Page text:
After annoying the hell out of the world's pop pickers in the guise of one-hit wonder Mr. Oizo, writer-director Quentin Dupieux announced himself as the French cinema's #1 ideas man, while ranking roughly #167 for execution. 2010's wonky road movie Rubber, concerning the misadventures of a homicidal car tyre, proved less funny over the long haul than it sounds; 2018's Keep an Eye Out! was an offbeam police procedural that conspicuously fell to pieces just as the case in question appeared to be closing. Now we have Deerskin, Dupieux's midlife crisis movie, which feels like a step in the right direction. It stars Jean Dujardin, that great farceur, as Georges, a just-divorced greybeard throwing off one element in his life for another, fresher model, in a manner both pathetic and invariably amusing. The conceptual twist is that the element in question isn't a mate, rather an item of outerwear. In scene one, we watch as Georges brusquely deposits his old corduroy jacket - perhaps a gift from his ex? - in a service-station toilet. In scene two, he takes delivery of a tasselled deerskin number, whereupon he checks himself into a mountain lodge and strives to reinvent himself as a hip young gunslinger. How obsessed is he with this new addition to his wardrobe? Put it like this: he bids a fond goodnight to it whenever he turns off the bedside light. Worse follows when the jacket starts talking back to him.
It's a relatively simple set-up, but there are fascinating ideas beneath the film's surface, not least the suggestion this might well be Dupieux's most personal work to date - the work of a creative envisioning the pitfalls lying in wait for him as he enters middle age. Along with the deerskin jacket - worn as proudly as the peacock wears its feathers - Georges inherits a digital video camera, which he begins to wield as the cowboy does his gun, as a means of reasserting his declining authority and potency. Dupieux smartly shifts this great weight of ridiculousness onto the broad shoulders of Dujardin, an actor with proven form in the field of playing narcissistic dolts (the OSS films, The Artist); the more money he's had to play with, the better this filmmaker has become at pairing up stars with concepts. Dujardin senses the absurdity in this one, and goes full throttle for it: he makes Georges' yarnspinning about entirely fictional encounters in the screen trade engaging enough for anyone to believe them, and he flat-out savours those shots of this doofus checking himself out in a mirror or shop window. The actor doesn't disappear into this role, as a Day-Lewis type might have done, so much as make a whopping great meal of it, and then sit there with a vast, self-satisfied, very funny grin on his face. You and I, however, might sense that this deerskin is but a cover-up, and it's that camo that Dupieux sees through over the course of these 77 minutes. Rest assured this is hardly the most triumphant reinvention, no matter that Georges soon acquires a deerskin hat and boots to go with his topcoat.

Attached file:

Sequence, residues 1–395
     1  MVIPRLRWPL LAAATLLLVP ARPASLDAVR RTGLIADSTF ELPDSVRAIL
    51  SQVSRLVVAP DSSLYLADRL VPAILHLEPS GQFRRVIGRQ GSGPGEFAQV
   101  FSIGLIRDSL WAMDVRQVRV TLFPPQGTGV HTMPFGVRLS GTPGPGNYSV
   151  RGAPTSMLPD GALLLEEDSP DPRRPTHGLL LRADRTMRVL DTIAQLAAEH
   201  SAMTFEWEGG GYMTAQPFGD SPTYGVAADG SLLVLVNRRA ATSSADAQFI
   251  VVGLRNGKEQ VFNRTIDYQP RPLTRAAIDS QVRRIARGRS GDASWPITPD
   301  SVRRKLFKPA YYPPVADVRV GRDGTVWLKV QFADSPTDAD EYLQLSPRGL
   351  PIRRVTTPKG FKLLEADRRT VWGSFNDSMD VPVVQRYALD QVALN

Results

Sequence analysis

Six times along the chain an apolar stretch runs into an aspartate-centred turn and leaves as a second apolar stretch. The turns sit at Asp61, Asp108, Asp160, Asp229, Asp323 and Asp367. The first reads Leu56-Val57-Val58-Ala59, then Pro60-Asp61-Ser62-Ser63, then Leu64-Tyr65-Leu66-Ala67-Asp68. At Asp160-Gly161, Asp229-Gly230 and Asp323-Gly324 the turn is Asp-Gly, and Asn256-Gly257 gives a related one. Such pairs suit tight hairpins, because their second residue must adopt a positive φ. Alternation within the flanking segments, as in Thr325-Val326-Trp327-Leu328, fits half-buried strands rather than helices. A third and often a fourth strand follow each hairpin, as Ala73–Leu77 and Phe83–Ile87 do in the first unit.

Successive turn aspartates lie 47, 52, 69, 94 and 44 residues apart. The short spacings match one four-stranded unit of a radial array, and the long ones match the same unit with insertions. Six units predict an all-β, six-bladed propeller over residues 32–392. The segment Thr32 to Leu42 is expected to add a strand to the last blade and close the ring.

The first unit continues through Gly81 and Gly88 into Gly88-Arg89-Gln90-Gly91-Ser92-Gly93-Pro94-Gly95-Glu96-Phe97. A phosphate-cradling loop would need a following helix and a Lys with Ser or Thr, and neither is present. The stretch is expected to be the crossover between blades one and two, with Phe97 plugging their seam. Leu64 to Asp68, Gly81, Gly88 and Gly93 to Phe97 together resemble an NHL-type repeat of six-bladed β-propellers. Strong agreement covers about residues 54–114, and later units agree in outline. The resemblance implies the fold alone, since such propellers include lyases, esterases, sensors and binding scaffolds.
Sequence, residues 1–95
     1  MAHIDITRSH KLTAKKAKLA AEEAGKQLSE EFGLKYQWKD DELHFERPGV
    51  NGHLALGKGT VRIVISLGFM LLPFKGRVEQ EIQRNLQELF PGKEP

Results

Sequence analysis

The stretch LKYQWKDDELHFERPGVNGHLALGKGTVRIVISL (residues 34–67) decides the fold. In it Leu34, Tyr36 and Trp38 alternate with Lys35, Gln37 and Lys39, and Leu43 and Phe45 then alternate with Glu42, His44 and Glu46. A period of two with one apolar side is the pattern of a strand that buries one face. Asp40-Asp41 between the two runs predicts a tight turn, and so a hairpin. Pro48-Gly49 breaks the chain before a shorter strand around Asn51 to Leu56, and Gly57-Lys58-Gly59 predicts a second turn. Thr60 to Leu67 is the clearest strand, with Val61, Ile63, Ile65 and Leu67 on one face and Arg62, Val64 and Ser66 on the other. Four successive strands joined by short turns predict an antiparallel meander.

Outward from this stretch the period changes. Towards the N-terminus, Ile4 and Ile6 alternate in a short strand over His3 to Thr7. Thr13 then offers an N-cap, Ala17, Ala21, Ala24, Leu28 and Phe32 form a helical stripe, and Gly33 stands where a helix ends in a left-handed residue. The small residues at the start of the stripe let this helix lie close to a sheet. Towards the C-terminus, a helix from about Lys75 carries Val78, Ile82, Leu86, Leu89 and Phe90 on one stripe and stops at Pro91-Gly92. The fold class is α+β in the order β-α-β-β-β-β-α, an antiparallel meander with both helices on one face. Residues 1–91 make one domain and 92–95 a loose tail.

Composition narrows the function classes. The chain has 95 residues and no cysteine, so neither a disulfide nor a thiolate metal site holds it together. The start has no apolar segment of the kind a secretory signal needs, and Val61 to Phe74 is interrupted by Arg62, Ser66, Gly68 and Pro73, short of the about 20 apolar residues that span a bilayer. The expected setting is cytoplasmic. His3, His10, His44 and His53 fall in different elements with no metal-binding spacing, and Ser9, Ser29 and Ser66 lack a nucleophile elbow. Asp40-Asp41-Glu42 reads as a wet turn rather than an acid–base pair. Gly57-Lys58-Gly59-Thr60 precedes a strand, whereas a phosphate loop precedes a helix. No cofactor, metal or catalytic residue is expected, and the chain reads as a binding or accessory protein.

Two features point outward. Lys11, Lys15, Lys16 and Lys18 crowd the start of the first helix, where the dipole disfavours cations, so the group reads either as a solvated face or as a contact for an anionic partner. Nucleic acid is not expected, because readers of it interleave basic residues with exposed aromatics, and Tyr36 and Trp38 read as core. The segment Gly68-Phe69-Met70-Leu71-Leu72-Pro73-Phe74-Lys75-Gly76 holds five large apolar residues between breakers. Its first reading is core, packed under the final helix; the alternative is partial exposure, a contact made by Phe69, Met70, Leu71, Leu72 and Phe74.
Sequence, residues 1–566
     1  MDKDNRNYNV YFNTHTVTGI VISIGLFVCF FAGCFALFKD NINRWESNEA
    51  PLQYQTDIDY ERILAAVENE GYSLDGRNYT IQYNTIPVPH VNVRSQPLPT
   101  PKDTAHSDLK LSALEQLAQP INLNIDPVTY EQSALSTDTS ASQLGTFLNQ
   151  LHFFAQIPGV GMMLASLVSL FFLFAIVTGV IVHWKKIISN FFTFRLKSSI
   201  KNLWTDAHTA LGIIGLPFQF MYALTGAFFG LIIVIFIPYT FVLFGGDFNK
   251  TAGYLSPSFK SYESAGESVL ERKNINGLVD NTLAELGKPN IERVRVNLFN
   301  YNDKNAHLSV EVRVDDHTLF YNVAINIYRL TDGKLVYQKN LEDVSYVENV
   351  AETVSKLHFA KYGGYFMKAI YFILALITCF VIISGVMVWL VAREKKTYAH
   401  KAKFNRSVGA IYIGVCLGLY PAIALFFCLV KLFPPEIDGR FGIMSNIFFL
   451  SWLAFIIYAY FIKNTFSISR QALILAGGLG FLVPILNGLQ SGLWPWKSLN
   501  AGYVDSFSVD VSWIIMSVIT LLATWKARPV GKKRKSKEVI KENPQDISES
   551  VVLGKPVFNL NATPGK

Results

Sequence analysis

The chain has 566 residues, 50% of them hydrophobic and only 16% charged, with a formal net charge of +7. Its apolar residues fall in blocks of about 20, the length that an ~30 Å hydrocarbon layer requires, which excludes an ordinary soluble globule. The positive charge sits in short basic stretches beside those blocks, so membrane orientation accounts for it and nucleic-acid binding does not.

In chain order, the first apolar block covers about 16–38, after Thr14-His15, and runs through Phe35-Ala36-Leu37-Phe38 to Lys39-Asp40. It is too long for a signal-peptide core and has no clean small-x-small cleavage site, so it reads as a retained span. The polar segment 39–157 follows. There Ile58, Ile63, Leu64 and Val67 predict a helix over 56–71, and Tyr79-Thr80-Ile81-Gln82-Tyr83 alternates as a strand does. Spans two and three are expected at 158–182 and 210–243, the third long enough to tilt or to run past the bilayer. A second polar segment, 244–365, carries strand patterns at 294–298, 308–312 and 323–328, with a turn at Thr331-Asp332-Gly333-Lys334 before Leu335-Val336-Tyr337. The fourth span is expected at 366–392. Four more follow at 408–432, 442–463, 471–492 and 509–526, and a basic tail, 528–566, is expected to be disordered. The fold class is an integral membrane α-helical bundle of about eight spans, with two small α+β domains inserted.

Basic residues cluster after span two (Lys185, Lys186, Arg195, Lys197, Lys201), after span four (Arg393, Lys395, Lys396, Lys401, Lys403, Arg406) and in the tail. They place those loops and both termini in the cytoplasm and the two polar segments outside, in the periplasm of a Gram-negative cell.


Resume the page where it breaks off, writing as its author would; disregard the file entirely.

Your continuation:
Which is to say the joke, this time round, has some structure to it; unlike Dupieux's previous film-skits, Deerskin is a doodle that develops, in pleasing, unexpected and finally rewarding ways. Georges strikes us as bad news when he checks into this lodge - with its vague echoes of The Overlook - but you really need to see for yourself what he does with a prong from his ceiling fan. That he gets away with it comes as more of a surprise, but in 2021, we may be more aware than ever that this is what some men do. (The presence of the no-nonsense Adèle Haenel, recently repositioned at the forefront of France's #MeToo movement, seems telling.) Still, Dupieux's primary ambition here is to less to make us think (a bonus) than make you laugh, and Deerskin made me laugh more than any other screen comedy in a long while. It's funny that, even when placed on a hanger, the jacket lurks in the corner of the frame, like a tarnished conscience or the Gallic equivalent of Annabelle; it's hilarious that Georges should at some point decide owning this jacket isn't enough - that he should, in fact, take all other jackets off the market, and to go to quite extraordinary lengths to achieve this. Dupieux's own, pleasurably musty cinematography suggests the essence of this desperate old man and his bloody jacket has started to rub off onto the world beyond them, though a killer punchline reasserts its own form of cosmic justice. Approach it as a good joke, well told - and that well told bit speaks to the progression that makes Deerskin Dupieux's most complete and satisfying film to date.
Deerskin previews in Cineworld cinemas this Wednesday, before opening in selected cinemas from Friday.